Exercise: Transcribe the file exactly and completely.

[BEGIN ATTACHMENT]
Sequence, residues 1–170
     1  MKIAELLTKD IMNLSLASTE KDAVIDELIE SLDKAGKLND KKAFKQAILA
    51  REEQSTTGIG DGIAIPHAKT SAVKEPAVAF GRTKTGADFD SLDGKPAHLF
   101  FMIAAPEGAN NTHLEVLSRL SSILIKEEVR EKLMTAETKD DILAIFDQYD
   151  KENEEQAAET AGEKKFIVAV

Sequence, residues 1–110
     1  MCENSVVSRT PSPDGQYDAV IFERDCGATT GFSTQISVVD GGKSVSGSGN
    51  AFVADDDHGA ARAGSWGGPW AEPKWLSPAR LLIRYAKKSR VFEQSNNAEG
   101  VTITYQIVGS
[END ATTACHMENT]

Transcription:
Sequence, residues 1–170
     1  MKIAELLTKD IMNLSLASTE KDAVIDELIE SLDKAGKLND KKAFKQAILA
    51  REEQSTTGIG DGIAIPHAKT SAVKEPAVAF GRTKTGADFD SLDGKPAHLF
   101  FMIAAPEGAN NTHLEVLSRL SSILIKEEVR EKLMTAETKD DILAIFDQYD
   151  KENEEQAAET AGEKKFIVAV

Sequence, residues 1–110
     1  MCENSVVSRT PSPDGQYDAV IFERDCGATT GFSTQISVVD GGKSVSGSGN
    51  AFVADDDHGA ARAGSWGGPW AEPKWLSPAR LLIRYAKKSR VFEQSNNAEG
   101  VTITYQIVGS